Cairo: Egypt's ruling
party announced a major shake-up Saturday with several top leaders
resigning - but President Hosni Mubarak showed no signs of
relinquishing power despite a 12th straight day of protests.
Gamal Mubarak, the son of the embattled president, resigned from
his job as a political head of the ruling National Democratic
Party (NDP), whilst Safwat el-Sherif, left his post of secretary
Both were to be replaced by Hossam Badrawi - a member of the NDP
and the upper house of parliament, the Shura Council.
But Mubarak himself showed no signs of giving into demands from
anti-government protesters, who gathered in central Cairo's Tahrir
Square again Saturday to call for his removal.
Broadcaster al-Arabiya late Saturday retracted an earlier report
that Mubarak had resigned his post as chairman of the NDP.
Meanwhile, Western leaders attending the Munich security
conference called for an orderly transition to democracy in Egypt.
"There has to be some orderly transition process in place to avoid
a total vacuum of power," German Chancellor Angela Merkel said.
US Secretary of State Hillary Rodham Clinton spoke of a "perfect
storm" battering the Arab world and invited future Egyptian
governments to be inclusive, to successfully move to democracy.
Mubarak's role in a smooth transition to democracy "remains
utterly critical in the days ahead," said US special envoy to
Egypt, Frank Wisner.
While thousands turned up in Cairo to chant against Mubarak, rain
and fatigue seemed to be taking a toll on the protesters and
reflected in the dwindling numbers present, at least Saturday.
But when General Hassan al Rawini, commander of the Egyptian
Army's central command, urged them to go home, they responded in
one voice - they would not leave until Mubarak resigns.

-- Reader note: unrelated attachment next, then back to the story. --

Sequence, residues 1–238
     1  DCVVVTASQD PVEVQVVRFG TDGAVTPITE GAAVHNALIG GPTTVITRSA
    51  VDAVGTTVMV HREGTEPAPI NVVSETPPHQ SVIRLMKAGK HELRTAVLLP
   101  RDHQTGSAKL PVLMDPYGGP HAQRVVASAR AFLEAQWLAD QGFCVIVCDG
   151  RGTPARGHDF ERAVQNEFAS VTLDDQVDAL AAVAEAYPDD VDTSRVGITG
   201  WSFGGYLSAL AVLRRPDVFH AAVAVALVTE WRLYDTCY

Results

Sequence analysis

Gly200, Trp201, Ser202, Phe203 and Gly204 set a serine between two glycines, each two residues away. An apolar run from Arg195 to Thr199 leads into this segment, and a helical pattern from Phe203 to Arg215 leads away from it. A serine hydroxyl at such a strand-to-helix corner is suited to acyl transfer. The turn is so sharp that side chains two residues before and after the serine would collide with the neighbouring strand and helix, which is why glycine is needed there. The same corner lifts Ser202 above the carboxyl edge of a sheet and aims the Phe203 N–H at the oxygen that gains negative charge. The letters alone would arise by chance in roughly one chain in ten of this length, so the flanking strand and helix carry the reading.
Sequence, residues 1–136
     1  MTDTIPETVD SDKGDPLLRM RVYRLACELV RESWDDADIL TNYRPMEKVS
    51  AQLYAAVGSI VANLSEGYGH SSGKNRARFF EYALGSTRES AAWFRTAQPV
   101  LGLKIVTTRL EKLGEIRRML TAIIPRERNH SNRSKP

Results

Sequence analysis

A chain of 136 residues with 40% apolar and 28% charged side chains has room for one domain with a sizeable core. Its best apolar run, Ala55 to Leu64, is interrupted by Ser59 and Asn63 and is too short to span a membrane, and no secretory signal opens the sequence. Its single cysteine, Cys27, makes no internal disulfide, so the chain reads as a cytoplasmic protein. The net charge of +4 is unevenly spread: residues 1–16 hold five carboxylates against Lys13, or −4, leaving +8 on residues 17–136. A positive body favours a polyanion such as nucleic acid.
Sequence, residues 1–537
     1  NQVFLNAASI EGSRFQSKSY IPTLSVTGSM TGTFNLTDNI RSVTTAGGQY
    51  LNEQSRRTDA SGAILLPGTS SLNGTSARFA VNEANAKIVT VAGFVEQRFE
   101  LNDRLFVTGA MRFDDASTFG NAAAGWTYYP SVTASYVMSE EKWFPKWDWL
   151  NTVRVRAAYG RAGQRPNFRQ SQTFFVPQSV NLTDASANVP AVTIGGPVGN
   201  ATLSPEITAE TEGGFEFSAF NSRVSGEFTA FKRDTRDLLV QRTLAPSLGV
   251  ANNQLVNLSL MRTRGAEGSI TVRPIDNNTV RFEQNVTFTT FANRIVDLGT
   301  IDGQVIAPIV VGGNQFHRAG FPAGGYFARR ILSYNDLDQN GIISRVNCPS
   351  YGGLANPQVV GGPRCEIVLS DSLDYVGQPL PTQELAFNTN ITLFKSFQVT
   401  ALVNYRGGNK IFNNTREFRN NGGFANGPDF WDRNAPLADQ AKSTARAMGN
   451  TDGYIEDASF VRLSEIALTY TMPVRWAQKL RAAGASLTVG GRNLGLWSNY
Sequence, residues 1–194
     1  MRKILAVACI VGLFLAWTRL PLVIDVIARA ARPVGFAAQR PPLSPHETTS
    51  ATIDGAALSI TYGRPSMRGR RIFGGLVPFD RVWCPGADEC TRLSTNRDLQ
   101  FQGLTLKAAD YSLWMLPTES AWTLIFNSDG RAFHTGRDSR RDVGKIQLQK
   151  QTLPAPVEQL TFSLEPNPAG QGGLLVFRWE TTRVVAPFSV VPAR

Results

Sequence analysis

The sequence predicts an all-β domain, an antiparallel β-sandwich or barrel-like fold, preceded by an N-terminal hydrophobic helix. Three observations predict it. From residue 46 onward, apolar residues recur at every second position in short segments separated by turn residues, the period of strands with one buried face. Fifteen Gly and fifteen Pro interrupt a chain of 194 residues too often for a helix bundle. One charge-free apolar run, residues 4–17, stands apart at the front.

Many protesters slept overnight in Cairo's central Tahrir Square,
camping out in tents and defying a curfew, which entered into
effect after dark.
Earlier Saturday, Mubarak met with ministers holding economic
portfolios and the head of the central bank, as concerns mounted
over the country's economy. One estimate said Egypt has been
hemorrhaging more than $300 million a day for the past week due to
Mubarak was being advised to allow for a "dignified exit", with
one option being a shift of power to his newly appointed vice
president, Omar Suleiman, and later a group of technocrat
ministers, while keeping his titular job as head of state.
An informal grouping of respected Egyptian intellectuals, dubbed
locally as the "wise men", made the proposal Friday, saying they
had opened a line of communication with Suleiman, who was
responding to their proposals.
Prime Minister Ahmed Shafiq doubted the idea would work, however,
stressing that Mubarak would not stay beyond the end of his term
Reports in the US media, including The New York Times, indicated
that Western officials were also looking for a graceful departure
for the president, who has ruled for nearly 30 years.
One suggestion being floated was that he move to his residence in
the resort town of Sharm el-Sheikh, far from the central seat of
command in Cairo.
Another option was a relocation to Germany for what would be
called extended medical treatment - following the intensive care
he has received there in recent years.
"The revolution will not come to an end until this demand (for
Mubarak to step down immediately) is met," said Abdel-Rahman
Youssef, a youth activist, who had met with Shafiq.
The premier has been urging both sides to offer "concessions".
"On our part, we are prepared to talk with everyone," said Shafiq,
adding that this included the banned Muslim Brotherhood, the
largest organized opposition group, which was trying to present
itself as a moderate force.
"The revolution is a peaceful one which calls solely for reform
and a democratic civil state," said Khaled Hamza, editor of
IkhwanWeb, the Muslim Brotherhood's website. It "is by no means
linked to any Islamic tendencies," he said in a statement.
Hundreds of thousands took part across the country in protests
Friday, their so-called "Day of Departure" for Mubarak. The events
were mostly peaceful, following two days of heavy clashes between
the demonstrators and groups supporting the president earlier in
At least 5,000 people have been injured since the unrest in Egypt
began Jan 25, said Health Minister Ahmed Farid. The UN estimates
that more than 300 have died, mainly last week, in clashes with